National scholarship: I have to pay for college

I have to pay for college… Part One: Student Loans

If you’re like most high school graduates or thinking about going back to college, the prospect of having to pay for it can be overwhelming if you don’t have a lot of money saved. According to a 2015 survey of 5,000 Americans by, about 62% only had about $1,000 in savings and another 20% didn’t even have a savings account. Additionally, the average cost of college tuition in America today according to for the 2015-2016 school year is $9,410 for in-state residents attending a public university, $23,893 for out-of-state residents attending to a public university and $32,405 to private colleges. These costs do not include textbooks or living expenses if you will not be living at home or with relatives who can help you. Finally, there are additional expenses to consider like computers, lab costs, tutoring, etc. So the big question is, how does one person pay for everything?

The answer is not simple; Paying for college usually involves multiple strategies. Assuming you don’t have anything saved for college, the most obvious solution would be to fill out the FAFSA, or Free Application for Federal Student Aid, with the US Department of Education on their website. By doing so, you’ll find out if and what types of student loans you can qualify for. This is generally the best option if you need to borrow money to help pay for college, because interest rates are typically lower and repayment terms are more flexible. However, you should only borrow money if you haven’t exhausted all other options to pay for your education, because a large student loan debt upon graduation can be a burden. Interest will continue to accrue on your student loan if you wait to start making payments, it will only add to the total amount you owe and make repaying your loan even more difficult. Treat any type of loan as being in the same category as an emergency; Don’t borrow money unless absolutely necessary!

I have to pay for college… Part 2: Free money

Have you ever heard the term “nothing is free”? Well, “free money” for college, like scholarships and grants, is essentially “free money,” with some other form of cost involved. For example, Fund for Thought requires you to complete and submit an application and write an essay to be considered for a scholarship. The cost in this example would be the application fee ($20) and the time spent completing the essay packet. The “cost” is low compared to the possibility of receiving $2,000 of “free money” for college. Scholarships and grants are “free money” because you don’t have to pay them back, they are an award for some kind of grade or achievement.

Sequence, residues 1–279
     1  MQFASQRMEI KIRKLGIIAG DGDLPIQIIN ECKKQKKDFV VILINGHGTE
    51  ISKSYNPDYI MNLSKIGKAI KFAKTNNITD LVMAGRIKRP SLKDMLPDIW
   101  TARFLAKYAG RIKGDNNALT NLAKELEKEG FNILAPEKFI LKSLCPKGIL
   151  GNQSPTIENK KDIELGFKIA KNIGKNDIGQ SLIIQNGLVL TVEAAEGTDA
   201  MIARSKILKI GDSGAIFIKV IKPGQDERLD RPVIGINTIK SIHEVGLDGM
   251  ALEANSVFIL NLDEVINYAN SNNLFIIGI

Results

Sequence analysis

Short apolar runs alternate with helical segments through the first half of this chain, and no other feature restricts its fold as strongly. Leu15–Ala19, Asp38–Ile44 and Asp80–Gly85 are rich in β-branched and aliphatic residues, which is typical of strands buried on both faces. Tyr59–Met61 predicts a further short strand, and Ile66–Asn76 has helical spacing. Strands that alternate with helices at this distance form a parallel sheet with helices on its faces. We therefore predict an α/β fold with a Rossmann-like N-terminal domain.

You should apply for as many scholarships and grants as you can find. The best places to look are online scholarship databases, a high school guidance counselor, or the financial aid office at the college you’ll be attending. These places often have extensive lists of current scholarships available and can help you if you have questions about applying. In addition, local civic organizations, churches, and businesses will sponsor scholarships available to students in your area. Check your local paper and community ads and you may find “free money” with little competition. The bottom line is that if you spend time searching for scholarships and grants, your chances of receiving “free money” for college are greater.

I have to pay for college… Part 3: Scholarship Search

We wanted to go into more detail about searching for scholarships because there are so many resources available that it can be a daunting task for the individual student. There are several different types of scholarships available and they are classified by different attributes. We thought it would be best to write a list to help give you some ideas and guidance as you begin your search.

1. scholarships for high school students

2. undergraduate scholarships

3. master scholarships

4. national scholarships

5. international scholarships (Canadian scholarships, scholarships for exchange students)

6. free scholarships

7. Online Scholarships

8. full travel scholarships

9. Community Service Scholarship

10. Company Sponsored Scholarships (Pepsi Scholarship, Walmart Scholarship, McDonald’s Scholarship)

11. Race/Ethnicity Scholarships (Native American Scholarships, Hispanic Scholarship Fund)

12. area of ​​study scholarships (journalism scholarships, law school scholarships)

13. grants in areas of need (teaching grant, early intervention grant)

14. Merit-based scholarships based on academic or athletic achievement

This list is not extensive, but the goal is to help you get started. Getting free money for college is possible for everyone. By applying for as many scholarships as you can, you will increase your chances of getting an award.

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